Deciphering the structure of protein polymers

Nowadays, special importance is attached to deciphering the structure of proteins. Proteins have several levels of structures:

  • primary – a straight chain of monomer blocks;
  • secondary – pieces of protein structure packed in standard units (spirals, globules, leaves);
  • tertiary – a combination of several standard units in space;
  • quaternary – when several protein molecules are intertwined together

Using the starting model – the primary structure of the protein, you can calculate its minimum energy. Researchers look at what it folds into in space to provide the greatest stability and thus determine the amount of minimum energy.

An ordinary protein molecule is very complex – it consists of one hundred amino acids and has a huge number of degrees of freedom. If one day mankind learns to accurately and quickly predict the structure of a protein by amino acid sequence, then this will make it possible to advance far in solving many medical and biological problems.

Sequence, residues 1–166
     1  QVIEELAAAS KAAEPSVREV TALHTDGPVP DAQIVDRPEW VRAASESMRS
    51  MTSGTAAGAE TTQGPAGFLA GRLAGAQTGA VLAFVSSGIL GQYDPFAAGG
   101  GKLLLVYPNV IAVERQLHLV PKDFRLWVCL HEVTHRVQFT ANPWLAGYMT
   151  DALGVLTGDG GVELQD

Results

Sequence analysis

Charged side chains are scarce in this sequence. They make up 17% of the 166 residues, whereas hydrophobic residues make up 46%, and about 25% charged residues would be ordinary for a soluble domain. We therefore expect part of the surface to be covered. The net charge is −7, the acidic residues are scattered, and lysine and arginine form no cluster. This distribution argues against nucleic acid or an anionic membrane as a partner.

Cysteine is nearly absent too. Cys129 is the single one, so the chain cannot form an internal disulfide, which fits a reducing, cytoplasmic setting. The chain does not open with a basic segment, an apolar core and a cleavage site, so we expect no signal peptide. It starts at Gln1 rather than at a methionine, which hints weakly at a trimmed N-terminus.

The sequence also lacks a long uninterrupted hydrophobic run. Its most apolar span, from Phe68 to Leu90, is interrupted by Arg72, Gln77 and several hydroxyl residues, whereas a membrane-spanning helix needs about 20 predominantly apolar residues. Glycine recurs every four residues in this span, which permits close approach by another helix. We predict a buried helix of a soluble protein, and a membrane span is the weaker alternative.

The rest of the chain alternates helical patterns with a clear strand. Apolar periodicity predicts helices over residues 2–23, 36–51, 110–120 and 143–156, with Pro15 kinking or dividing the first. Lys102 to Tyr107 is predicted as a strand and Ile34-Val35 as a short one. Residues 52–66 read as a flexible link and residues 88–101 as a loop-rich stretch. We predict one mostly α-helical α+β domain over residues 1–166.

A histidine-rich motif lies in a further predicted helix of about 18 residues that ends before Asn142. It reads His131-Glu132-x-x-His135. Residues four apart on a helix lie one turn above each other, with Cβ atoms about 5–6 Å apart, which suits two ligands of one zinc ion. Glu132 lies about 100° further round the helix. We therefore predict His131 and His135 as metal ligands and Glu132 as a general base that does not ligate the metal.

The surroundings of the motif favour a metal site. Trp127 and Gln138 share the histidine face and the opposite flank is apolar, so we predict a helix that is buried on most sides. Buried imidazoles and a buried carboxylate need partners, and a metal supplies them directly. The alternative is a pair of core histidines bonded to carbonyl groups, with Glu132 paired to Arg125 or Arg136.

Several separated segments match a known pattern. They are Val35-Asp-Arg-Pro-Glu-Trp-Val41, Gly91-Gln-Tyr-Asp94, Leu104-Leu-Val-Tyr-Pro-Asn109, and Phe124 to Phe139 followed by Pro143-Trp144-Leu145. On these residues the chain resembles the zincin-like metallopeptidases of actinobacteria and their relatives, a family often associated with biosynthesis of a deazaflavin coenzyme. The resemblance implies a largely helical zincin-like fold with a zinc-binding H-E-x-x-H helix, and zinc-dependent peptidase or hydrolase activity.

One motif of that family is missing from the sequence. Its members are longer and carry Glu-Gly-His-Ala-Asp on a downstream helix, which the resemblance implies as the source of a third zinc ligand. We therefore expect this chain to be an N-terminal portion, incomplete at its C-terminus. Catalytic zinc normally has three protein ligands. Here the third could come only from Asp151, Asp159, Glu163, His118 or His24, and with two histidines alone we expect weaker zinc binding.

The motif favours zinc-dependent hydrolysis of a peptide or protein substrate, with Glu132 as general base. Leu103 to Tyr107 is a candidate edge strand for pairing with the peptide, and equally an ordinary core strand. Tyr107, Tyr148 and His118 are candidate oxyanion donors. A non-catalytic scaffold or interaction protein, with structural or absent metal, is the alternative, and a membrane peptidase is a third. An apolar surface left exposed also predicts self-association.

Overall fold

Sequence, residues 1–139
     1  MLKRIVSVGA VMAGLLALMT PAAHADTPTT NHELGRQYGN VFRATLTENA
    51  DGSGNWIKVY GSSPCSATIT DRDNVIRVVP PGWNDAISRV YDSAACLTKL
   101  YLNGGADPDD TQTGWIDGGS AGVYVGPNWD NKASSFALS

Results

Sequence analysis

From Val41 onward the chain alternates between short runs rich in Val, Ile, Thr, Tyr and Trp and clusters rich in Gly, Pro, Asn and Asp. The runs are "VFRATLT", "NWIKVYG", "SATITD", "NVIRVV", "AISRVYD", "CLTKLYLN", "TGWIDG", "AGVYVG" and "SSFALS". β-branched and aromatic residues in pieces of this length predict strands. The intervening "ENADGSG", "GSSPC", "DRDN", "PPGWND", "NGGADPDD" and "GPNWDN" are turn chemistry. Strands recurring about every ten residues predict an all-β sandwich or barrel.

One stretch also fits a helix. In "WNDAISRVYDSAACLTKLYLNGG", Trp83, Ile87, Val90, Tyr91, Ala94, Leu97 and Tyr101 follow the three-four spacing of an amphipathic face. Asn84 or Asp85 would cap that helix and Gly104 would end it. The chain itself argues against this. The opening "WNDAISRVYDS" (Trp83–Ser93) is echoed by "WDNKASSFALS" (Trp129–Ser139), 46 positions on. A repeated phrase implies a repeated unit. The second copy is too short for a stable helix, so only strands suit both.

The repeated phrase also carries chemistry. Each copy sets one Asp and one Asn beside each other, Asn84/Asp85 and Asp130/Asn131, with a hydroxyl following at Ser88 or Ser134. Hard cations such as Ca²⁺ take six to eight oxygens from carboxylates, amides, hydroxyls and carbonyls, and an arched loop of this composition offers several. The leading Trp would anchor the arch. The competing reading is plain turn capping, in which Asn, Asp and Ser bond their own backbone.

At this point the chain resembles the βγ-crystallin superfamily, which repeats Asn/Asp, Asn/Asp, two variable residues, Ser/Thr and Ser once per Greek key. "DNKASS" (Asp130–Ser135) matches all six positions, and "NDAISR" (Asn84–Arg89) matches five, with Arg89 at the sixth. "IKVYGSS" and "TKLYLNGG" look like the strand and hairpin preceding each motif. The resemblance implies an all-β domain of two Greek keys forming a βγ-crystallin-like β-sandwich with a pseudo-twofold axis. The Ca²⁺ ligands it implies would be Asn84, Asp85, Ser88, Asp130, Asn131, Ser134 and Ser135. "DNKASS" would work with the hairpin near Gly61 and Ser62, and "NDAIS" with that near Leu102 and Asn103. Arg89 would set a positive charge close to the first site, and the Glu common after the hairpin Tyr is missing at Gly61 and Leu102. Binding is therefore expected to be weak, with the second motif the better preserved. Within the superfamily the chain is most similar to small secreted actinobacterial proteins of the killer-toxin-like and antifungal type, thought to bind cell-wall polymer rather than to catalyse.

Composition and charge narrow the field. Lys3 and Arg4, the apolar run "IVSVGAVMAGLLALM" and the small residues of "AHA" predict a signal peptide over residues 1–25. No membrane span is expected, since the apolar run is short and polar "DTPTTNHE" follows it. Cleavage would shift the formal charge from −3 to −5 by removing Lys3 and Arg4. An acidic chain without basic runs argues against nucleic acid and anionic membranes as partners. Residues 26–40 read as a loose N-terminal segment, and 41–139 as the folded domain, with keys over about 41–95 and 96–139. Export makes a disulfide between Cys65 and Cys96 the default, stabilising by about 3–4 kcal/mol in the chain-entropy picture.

After all, it is violations in the structure of protein that often lead to various diseases. Such diseases are called molecular and currently several thousand have been discovered. Molecular ones include: Alzheimer’s disease, alimentary dystrophy, sickle cell anemia, and many others.

By deciphering the structure of the protein, we can understand what kind of medicine can cure these diseases. Experimentally calculating the structure of a protein is a very difficult and time-consuming task. If it were possible to anticipate it theoretically, it would accelerate progress in biology and medicine.

The very first protein structure was deciphered, the molecule of which contains only two polypeptide chains (21 and 30 amino acid residues, respectively). This simple protein was bovine insulin. Now scientists are able to decipher the structure of only small proteins of 30-40 amino acid residues and over time they plan to expand it to 100-200. At the moment, this is the main task of biology in the world.

Remember: The process of learning a person lasts a lifetime. The value of the same knowledge for different people may be different, it is determined by their individual characteristics and needs. Therefore, knowledge is always needed at any age and position.